Art, Tech, and Gentrification in San Francisco

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The panel at ArtUp and ArtPractical’s “Re-engineering: Arts and Tech in the Bay Area” (photograph by Joshua Kim)

SAN FRANCISCO — As fleets of shuttle buses take employees to their respective Silicon Valley campuses, resentment and tension grows in the Bay Area. Last week, protesters blocked one such Google bus in an effort to draw attention to the widening gap between the technology industry and the communities it affects; a union organizer impersonated a tech worker to incite dialogue through performative gesture. Within days, further demonization of tech figures, like the entrepreneur Greg Gopman — guilty of making crassly disparaging remarks about the Tenderloin area of San Francisco — continued to fuel divisions across the city.

In an effort to broaden and expand the conversation, ArtUp, a “community blog, meetup and monthly grant,” partnered with online magazine Art Practical to host the “Re-engineering: Arts and Tech in the Bay Area” event at Ratio 3 gallery in the city’s Mission district on December 11. The night started off with a panel discussion between Anthony Discenza, Josette Melchor of Gray Area Foundation for the Arts (GAFFTA), Olof Mathe of Art Hack Day, and Dena Beard with the UC Berkeley Art Museum and Pacific Film Archive.

The discussion was supposed to relate to the ongoing talks in San Francisco regarding art, technology, and gentrification, but this didn’t quite pan out; the marginalized communities that were barely discussed that evening were the same people that were not a part of the discussion. The very few people of color present at the event, which is a part of a larger and more complex conversation, was indicative of the lack of diversity in the ongoing dialogue as well.

The crowd at “Re-engineering: Arts and Tech in the Bay Area” (photograph by Joshua Kim)

The discussion that did ensue was clouded by a lack of definitions: the very terms art and technology are far too vast and broad for one evening. Dryhurst suggested that the audience present proposals to explore the intersection of arts and technology, and indeed future conversations ought to include tech organizations and educators like Black Girls Code or Ben Chun who may provide insights on the integration of technology into educational systems in the Bay Area and its effect on the creative process. Another idea would be to examine how artists, programmers, engineers, or urban planners use different media and pedagogical approaches to look at how to create an urban landscape that is mutually beneficial and may bridge communities.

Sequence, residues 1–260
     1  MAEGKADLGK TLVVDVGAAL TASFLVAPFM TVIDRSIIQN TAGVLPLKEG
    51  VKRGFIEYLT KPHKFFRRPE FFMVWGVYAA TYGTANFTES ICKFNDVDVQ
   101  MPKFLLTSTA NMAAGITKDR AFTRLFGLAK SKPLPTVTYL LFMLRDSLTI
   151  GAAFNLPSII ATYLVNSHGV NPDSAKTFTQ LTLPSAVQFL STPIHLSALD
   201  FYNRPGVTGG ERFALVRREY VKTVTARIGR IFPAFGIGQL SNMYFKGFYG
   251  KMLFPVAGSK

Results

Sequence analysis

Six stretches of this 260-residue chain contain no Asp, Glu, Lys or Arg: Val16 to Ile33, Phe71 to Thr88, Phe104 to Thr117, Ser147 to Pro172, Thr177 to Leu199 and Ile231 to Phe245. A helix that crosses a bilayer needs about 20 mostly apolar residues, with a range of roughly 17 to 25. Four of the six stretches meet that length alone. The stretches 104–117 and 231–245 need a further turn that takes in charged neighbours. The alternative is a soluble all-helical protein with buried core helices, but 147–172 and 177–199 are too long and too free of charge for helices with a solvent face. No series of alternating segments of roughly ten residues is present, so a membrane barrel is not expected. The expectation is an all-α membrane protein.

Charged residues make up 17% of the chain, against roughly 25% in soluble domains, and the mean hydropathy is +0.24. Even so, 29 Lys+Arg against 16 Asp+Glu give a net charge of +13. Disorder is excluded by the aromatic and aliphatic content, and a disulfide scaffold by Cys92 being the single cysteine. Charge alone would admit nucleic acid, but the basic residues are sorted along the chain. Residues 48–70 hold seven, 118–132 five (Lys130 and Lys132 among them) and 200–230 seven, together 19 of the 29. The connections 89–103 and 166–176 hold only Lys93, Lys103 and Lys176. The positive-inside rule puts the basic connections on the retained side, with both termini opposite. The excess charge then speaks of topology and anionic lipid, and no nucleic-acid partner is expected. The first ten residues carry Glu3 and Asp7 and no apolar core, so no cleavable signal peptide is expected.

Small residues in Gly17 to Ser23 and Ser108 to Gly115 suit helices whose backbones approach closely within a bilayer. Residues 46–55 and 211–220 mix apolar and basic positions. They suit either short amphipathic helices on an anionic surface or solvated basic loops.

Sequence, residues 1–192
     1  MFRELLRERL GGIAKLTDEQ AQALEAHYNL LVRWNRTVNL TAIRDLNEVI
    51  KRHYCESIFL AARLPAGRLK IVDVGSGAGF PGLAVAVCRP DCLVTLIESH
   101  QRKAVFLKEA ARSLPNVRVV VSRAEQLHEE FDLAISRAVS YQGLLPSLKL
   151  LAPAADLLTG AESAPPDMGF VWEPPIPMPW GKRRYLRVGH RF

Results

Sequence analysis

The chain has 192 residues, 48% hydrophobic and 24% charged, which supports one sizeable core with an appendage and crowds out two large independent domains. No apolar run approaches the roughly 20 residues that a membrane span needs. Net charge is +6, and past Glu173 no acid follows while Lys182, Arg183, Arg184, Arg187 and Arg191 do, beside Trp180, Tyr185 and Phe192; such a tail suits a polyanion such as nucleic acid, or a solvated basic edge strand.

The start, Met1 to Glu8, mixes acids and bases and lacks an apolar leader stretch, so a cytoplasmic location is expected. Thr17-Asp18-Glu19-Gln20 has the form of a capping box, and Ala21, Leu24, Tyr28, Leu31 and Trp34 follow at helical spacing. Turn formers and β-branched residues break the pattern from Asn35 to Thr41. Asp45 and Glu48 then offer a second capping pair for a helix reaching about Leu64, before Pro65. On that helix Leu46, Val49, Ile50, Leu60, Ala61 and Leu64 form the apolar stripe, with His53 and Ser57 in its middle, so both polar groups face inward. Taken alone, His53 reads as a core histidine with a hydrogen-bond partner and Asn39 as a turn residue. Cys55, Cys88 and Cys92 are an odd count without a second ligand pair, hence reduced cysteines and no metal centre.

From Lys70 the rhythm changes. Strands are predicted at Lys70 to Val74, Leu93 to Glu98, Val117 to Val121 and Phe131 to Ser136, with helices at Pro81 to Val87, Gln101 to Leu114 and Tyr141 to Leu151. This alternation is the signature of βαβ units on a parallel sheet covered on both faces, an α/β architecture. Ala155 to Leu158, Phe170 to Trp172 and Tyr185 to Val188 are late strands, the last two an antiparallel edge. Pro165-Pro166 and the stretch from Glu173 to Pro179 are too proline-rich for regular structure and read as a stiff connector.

For example, Oakland-based new media artist and educator Nick Lally gathers artists and community members passionate about and dedicated to learning programming and coding to create artwork. In thinking about the creative process, it would be fascinating to hear a panel discussion on the notion of ownership or authorship and how open source platforms such as GitHub or BitBucket present different ways to collaborate. It may also be prudent to partner with long withstanding entities such as Piero Scaruffi’s LASER talk series where artists, scientists, and writers are invited to be in conversation, share their work or research, and ask questions to each other, which would an array of multi-generational voices.

While it was not necessary to read these texts prior to the discussion, I highly recommend reading parts one and two of the online dialogue between Dryhurst and Rogers for a bit more context on the evening’s objective. During the talk, Dryhurst mentioned the Bay Area’s potential to produce great art due to its proximity to tech resources and organizations. As I looked around the standing room only crowd, coupled with my experience of the intense conversations that followed, the challenges of defining the terms art and technology emphasized differing priorities without much traction or dialogue around issues of gentrification and the economy’s impact on negatively affected communities.

The Bay Area has long been known for its diversity, activism, and social justice, which is a heritage we can be draw from to deal with these changes. But to truly understand how art and art practices may be able to help address what is driving the soul of the city away, it may be best to not succumb to the jargon based within institutionalized frameworks for legitimacy. Ultimately, the art and technology markets are just that — capitalist endeavors. A tension will always exist. Yet we need to be willing to build new infrastructures or models, such as The Bay Area Public School, Noisebridge, or Codame, to help advance and evolve the conversation on how we can reengineer arts and technology in the Bay Area.

“Re-engineering: Arts and Tech in the Bay Area” took place at Ratio3 gallery (2831 Mission St, San Francisco) on December 11. 

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